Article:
But even elemental dilemmas like this were easily overcome by the Olympus gear. "Because it's a field system, the equipment held up very well," says Knaur. "As far as I know, there were no camera-related failures."
With his digital arsenal, Isaac was able to prepare ahead of time for when he wasn't surrounded by technological amenities. "I had two digital cameras, my Mac iBook, and two digital hard drives," he says. "I even took two extra batteries for the cameras and one extra battery for the computer, so wherever there was electricity, I charged them. At one point I stayed overnight somewhere and there was no electricity, but I was able to still work and download all the stuff into the computer."
Whether they wanted to wait until they got back to Paris to download their shots or take advantage of the Minds@Work MindStor 5GB portable hard drives (or "digital wallets," as project organizers called them) to download images in the field, photographers were nonetheless pleased that they were able to view their pictures instantly without having to just cross their fingers and hope for the best. "With the digital experience, you have instant gratification, the ability to show people what you want to do, the ability to check your images," says Knaur. "There's nothing scarier than going out on a day shoot like this and not knowing what you got until you get back and start looking at the pictures. With digital you can check what you're getting on the fly and shoot much more productively."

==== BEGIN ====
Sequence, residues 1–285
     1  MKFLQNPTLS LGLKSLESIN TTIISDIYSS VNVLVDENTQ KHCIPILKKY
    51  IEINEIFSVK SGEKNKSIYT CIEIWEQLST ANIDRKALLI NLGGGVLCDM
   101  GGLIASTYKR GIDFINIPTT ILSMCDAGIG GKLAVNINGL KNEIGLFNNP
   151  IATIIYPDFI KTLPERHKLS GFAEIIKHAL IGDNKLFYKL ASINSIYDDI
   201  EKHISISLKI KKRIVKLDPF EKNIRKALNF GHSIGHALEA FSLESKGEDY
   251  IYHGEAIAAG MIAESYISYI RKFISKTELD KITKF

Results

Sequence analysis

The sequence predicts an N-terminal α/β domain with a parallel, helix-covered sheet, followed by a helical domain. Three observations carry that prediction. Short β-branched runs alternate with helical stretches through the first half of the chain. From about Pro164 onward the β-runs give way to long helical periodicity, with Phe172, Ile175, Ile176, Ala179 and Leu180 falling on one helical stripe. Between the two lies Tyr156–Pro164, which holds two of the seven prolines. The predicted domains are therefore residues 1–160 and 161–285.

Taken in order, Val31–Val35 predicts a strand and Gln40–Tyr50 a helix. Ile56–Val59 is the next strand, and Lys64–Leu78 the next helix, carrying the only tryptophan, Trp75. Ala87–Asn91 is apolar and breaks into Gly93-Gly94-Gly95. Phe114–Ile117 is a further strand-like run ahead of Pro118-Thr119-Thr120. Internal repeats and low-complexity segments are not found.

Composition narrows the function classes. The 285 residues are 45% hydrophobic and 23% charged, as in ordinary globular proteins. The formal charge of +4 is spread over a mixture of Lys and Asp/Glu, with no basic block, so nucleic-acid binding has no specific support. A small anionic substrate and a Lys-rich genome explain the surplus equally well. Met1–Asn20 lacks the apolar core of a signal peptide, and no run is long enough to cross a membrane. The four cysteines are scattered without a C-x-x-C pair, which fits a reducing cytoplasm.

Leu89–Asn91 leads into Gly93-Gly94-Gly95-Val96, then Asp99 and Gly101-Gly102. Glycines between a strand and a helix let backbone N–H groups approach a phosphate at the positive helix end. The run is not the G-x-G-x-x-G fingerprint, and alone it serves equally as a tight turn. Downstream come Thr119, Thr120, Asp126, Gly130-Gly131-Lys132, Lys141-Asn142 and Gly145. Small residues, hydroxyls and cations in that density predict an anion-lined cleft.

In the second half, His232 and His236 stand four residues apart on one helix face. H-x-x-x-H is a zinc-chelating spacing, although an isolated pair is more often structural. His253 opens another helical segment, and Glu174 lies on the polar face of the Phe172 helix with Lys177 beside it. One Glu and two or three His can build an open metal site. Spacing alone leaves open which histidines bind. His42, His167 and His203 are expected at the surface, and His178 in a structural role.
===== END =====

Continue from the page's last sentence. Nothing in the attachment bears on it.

Digital had other unanticipated benefits for the fish-out-of-water photographers: Because of cultural and language differences, some of the photographers' subjects were at first reluctant to appear in front of the lens, but once they realized that they could see what the final result would be instantaneously, they were more eager. "The old adage 'A picture is worth a thousand words' held true here," says Knaur. "One of our photographers, Mark Greenberg, was trying to shoot the queen of a village. She wasn't too enthusiastic about the idea, until he showed her the picture on the back of the camera."